In utterances YAImperative (6704 utterances)

Separated by the pause from the rest of the utterance (YA Imperative)

Examples

Vocative in preposition to the imperative

68

30

347

233

Madam, please!

Vocative in postposition to the imperative

346

8

1039

105

Come in, Bill.

Subject in preposition to the imperative

60

0

203

6

You go ahead.

Subject in postposition to the imperative

27

0

61

0

Don’t you believe it!

Please in preposition to the imperative

30

12

104

79

Please be seated.

Please in postposition to the imperative

4

0

45

2

Give me my parcel, please.

 

It can be seen that when reading utterances with vocatives in the preposition to the imperative readers tend to put a pause after them, separating them from the clause with the imperative construction. But they do not do that when the vocative is in postposition to the imperative construction. Subjects tend to be placed in the same prosodic group with the imperative whether they precede or follow it. ‘Please’ is generally separated from the clause with the imperative construction in the preposition to the imperative. It also appears that punctuation does not appear as obligatory as it seems to be. The readers easily distinguish the necessity to separate semantically relevant elements of the sentences. But, when the punctuation is present, usually marking contextualization cues like ‘please’, vocatives, the readers follow the authors instructions, preferring to put pauses after the clauses with imperative constructions, so punctuation contextualization cues act as complimentary.

3.3 Correlation analysis.

Correlation analysis of the temporal variables shows considerable negative correlation between PropPhon and SpeechRate parameters in both selections – -0.35 (AImperative) and -0.42 (YA Imperative). The readers tend to slower the rate of the speech when the duration of the IC increases.

There is considerable positive correlation between PropPause and SpeechRate parameters in both selections – 0.46 (AImperative) and 0.43 (YA Imperative). It shows that the readers tend to speak faster when the amount of unvoiced phonation in the IC increases. At the same time there is no significant correlation between the amount of the unvoiced phonation and the duration of the IC which shows that the proportion of the pauses within the IC does not depend on the duration of the IC itself, but on the number of clauses in the utterance.

There also is considerable positive correlation between NuclDur and Nucleus parameters in both selections – 0.92 (AImperative) and 0.67 (YA Imperative). It shows that the duration of the nuclear syllable increases together with the duration of the other syllables in the IC.

Discussion

According to the “The Now-or-Never” bottleneck theoretical proposal, speech chunking is not the only speech segmentation mechanism that is implemented in speech comprehension and production. The empirical evidence shows that sentence processing in reading aloud speech segmentation is done at multiple levels of linguistic abstraction: pause placement and distribution in the ICs do not correspond to speech chunking. whereas chunking in longer utterances is supposed to result in 3-4 element sequences [14], [15], ICs in the same utterances result in bigger units and pauses signal about the boundaries of ICs, not speech chunks.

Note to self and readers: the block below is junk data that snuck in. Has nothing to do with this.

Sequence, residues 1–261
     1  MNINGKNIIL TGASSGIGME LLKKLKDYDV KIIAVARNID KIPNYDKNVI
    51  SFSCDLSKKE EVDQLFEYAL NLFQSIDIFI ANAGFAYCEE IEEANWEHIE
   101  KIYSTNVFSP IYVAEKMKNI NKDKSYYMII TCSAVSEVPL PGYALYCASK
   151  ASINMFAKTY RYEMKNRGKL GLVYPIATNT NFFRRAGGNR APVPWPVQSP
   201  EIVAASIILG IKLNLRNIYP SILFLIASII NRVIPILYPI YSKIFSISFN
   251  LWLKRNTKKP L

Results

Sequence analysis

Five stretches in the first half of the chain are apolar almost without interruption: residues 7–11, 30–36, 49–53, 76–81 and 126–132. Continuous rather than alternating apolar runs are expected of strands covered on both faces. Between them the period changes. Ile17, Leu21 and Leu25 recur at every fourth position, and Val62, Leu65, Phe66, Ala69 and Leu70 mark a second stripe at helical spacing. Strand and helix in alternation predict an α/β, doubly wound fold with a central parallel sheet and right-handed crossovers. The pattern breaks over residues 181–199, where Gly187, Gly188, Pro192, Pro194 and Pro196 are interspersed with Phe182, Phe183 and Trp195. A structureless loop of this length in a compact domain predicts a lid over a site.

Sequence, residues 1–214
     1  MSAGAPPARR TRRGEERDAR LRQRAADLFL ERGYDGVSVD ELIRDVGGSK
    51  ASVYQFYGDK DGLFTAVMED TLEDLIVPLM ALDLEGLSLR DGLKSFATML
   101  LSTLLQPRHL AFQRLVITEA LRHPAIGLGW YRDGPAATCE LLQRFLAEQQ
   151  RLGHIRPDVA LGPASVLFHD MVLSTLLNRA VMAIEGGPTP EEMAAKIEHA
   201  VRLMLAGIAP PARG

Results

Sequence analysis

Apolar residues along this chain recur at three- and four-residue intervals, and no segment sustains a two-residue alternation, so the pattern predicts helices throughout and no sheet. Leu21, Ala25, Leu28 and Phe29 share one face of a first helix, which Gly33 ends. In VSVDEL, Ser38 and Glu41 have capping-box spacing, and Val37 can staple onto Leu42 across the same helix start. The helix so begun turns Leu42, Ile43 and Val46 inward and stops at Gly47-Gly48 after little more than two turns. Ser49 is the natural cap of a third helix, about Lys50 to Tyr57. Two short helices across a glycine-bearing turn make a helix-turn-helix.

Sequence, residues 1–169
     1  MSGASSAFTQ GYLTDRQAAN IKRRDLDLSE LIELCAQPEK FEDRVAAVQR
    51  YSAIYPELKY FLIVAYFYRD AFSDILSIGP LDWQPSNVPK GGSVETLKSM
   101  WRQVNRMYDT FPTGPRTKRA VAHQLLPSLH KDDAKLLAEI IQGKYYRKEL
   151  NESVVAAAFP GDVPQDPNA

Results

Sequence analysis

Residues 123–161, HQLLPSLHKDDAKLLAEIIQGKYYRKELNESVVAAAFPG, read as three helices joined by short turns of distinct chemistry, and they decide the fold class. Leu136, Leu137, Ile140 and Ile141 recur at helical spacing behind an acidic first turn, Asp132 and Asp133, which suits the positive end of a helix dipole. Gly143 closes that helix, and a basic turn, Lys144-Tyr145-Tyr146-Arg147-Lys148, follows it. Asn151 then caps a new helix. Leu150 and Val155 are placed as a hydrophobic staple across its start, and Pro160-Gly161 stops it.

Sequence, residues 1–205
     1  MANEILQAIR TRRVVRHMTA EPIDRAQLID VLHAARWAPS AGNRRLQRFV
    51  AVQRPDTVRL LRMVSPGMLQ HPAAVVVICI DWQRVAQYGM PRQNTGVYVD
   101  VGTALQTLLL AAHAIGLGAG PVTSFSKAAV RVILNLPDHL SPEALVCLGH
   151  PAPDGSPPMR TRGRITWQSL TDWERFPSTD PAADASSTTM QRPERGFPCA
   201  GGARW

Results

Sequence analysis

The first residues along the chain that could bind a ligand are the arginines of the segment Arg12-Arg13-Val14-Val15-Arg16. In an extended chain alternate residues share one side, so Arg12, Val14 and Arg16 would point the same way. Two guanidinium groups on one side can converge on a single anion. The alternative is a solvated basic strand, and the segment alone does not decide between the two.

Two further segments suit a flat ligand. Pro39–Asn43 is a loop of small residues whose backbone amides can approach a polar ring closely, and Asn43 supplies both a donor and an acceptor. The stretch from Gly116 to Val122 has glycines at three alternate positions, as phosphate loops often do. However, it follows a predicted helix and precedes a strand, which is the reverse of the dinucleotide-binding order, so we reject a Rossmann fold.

Perceived pauses relate to semantic and syntactic relevance of units. The decision on which units are considered to be semantically and syntactically relevant and the prosodic structure of these units is made in accordance to typical scenarios and patterns, which are activated by contextualization cues. As default syntactic structure for the imperative utterance is a simple sentence with one independent clause, it proved true in both written and audio samples in the research – 64.8% imperative utterances of AImperative and 58.6% of YAImperative samples had the default syntactic structure. In making decision people can rely on both knowledge resulting from context and experience and algorithmic mechanisms based on rules and form [32], [33]. When the context in the utterances from the research selections was not enough, or was ambiguous, the readers relied on algorithmic mechanisms based on rules and form of the language norms, dividing utterances by pauses into smaller units with one clause. The authors of the written fiction texts do not combine many imperative constructions within one sentence due to the clearly defined prototypical function of the imperatives. It is also evident that the readers in most cases make the decision to separate the clause with the imperative construction from the rest of the utterance with a pause based on the same presumptions.